After a few miles of pan flat canal paths (following one of three permanently way-marked routes) we found ourselves at the base of one of the many famous climbs, the Oude Kwaremont. Sadly though, the road was closed to finalise the infrastructure for the weekend, so we headed off down the road to the Paterberg, which was still accessible. 

Now, I've ridden British cobbles before, but nothing prepared me for this (and they are in good condition too apparently) - they are rough and irregular, and at its peak the Paterberg hits 20%. I pushed up at a decent pace having been warm from the flat 10 miles previously, but it didn't pass easily, and I was cracked by the top. Lesson learned - we had 15 climbs tomorrow, all similar to this along with the cobbled tracks in between so a little less exuberance would be required if I was going to get round the 135km course. 

On the Paterberg 

An early start had been recommended by others that had been before, as getting 16,000 riders around a pretty compact course means it can get congested. The roads for a good part are narrow, the climbs more so. At 5am it was pitch black still, and while Alex prepared breakfast I popped out to see if I could find Matt Blythe, another club member who had been due to travel with us but had a last minute change of plans. Talking whilst we ate, it turned out he had driven through the night and had arrived at 04:30, meaning he had slept for around 45 minutes! 

Rolling out into the darkness there was little movement from the other motorhomes or on the roads into the Qubus, suggesting that the early start might have been a little too early... I'm sure Matt thought this at any rate. We got to the start at 07:10 and it was still pretty quiet, with riders heading out under the start gantry in small numbers, so we got going.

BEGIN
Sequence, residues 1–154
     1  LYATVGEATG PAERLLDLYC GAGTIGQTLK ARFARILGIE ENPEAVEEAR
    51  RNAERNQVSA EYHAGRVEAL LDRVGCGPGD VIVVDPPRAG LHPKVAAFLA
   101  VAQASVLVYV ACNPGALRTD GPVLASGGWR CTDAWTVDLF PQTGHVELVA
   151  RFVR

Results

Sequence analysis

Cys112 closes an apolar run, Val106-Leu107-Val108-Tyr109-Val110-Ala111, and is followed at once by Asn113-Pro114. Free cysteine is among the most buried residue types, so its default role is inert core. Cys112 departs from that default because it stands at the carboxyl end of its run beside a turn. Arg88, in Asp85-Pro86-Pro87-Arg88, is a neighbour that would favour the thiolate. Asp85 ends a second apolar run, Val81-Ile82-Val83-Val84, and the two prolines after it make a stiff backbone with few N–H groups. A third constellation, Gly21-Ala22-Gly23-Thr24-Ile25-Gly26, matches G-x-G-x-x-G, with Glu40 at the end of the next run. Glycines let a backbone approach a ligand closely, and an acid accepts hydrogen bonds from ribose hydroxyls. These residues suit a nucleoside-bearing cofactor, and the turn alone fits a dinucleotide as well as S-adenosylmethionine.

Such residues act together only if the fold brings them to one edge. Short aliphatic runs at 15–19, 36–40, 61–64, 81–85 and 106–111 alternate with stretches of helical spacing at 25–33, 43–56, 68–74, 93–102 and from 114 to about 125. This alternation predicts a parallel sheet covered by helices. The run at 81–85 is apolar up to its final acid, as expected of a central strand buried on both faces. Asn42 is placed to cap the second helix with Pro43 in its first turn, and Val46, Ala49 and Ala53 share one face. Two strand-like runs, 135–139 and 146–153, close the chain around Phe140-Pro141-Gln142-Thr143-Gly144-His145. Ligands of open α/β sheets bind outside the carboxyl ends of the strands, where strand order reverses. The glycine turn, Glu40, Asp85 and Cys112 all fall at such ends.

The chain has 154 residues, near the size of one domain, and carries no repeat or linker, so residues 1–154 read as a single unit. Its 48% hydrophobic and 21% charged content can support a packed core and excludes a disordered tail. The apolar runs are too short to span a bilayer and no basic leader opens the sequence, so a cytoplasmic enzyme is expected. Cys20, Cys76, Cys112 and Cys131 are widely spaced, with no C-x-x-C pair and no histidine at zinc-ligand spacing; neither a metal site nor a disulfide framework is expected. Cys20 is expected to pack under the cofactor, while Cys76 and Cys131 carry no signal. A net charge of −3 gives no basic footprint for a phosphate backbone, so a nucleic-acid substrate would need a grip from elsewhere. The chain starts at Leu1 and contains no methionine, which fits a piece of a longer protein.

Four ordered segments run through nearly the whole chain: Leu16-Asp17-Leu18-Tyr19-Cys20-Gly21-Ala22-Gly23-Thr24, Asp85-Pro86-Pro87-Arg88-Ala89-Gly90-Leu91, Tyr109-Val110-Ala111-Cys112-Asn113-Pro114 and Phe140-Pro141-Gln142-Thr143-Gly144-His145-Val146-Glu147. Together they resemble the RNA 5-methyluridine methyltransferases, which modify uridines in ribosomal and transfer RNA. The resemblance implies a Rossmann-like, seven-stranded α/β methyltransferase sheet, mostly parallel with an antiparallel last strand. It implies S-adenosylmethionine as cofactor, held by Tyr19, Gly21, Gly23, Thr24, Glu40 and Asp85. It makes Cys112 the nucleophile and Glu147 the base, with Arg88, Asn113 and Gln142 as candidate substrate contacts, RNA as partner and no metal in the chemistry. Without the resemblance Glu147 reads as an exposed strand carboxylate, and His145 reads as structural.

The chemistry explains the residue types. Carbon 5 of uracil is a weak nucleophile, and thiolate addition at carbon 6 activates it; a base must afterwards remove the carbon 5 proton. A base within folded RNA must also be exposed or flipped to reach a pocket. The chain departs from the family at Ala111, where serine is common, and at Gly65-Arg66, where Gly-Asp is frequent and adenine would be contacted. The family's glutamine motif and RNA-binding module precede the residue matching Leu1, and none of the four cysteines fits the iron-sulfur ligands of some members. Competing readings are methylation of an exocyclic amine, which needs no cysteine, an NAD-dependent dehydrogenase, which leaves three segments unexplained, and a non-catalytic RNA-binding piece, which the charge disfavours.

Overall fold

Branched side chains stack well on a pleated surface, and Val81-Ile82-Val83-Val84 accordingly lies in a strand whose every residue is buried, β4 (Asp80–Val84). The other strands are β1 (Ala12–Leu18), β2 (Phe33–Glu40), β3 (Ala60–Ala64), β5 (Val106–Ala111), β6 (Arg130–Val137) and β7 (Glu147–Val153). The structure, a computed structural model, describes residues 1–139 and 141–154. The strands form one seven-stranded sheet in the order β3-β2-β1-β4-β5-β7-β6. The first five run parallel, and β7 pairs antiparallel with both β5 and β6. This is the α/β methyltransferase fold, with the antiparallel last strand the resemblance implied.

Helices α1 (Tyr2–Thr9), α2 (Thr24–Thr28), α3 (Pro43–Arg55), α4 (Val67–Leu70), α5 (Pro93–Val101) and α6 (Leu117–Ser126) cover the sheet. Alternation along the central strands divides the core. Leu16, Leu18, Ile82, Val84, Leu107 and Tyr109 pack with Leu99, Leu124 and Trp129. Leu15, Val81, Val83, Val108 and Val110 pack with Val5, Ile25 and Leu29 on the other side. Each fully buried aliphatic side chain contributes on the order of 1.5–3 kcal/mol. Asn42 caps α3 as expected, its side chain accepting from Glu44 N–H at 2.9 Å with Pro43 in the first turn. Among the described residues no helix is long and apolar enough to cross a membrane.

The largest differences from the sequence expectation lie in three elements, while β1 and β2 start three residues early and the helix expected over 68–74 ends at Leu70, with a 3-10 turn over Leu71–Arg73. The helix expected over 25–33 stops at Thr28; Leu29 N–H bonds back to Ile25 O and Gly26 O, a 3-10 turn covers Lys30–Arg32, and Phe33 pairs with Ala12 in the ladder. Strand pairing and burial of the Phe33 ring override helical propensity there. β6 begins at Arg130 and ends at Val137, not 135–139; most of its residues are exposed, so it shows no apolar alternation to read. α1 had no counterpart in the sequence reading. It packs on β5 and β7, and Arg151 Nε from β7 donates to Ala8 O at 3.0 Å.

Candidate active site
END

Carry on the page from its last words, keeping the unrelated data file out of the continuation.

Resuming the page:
Early start in the half light 

Typical Belgian lane 

The weather had been forecast to be dry and bright, with better than average temperatures and next to no wind - perfect riding conditions. The medium 135km route was the same hilly part of the full 245km pro route, and as with our Friday recce, the first 10km were flat along the canal once more, before swinging off to the first of the climbs, the Wolvenberg. It was certainly one way to warm up - at 17% it certainly wasn't shallow, but at least it was tarmacked to ease you in.

Passing over a large plastic strip on the road reminded me that at various points and on each climb there were timing mats over the road, which your handlebar number chip would trigger, allowing folk back home to track your progress on the Ronde website. 

Taking on the cobbles 

Next up were two flat cobbled sectors: Ruiterstraat, and, at 2.6km, the longest on the route - Kerkgate. These too were a real eye opener. The climbs were hard as you were generally - well I was - moving at a pretty sedate pace. The flat sections however were even more demanding in a way, as you were carrying some speed and amplifying the jackhammer effect of the surface.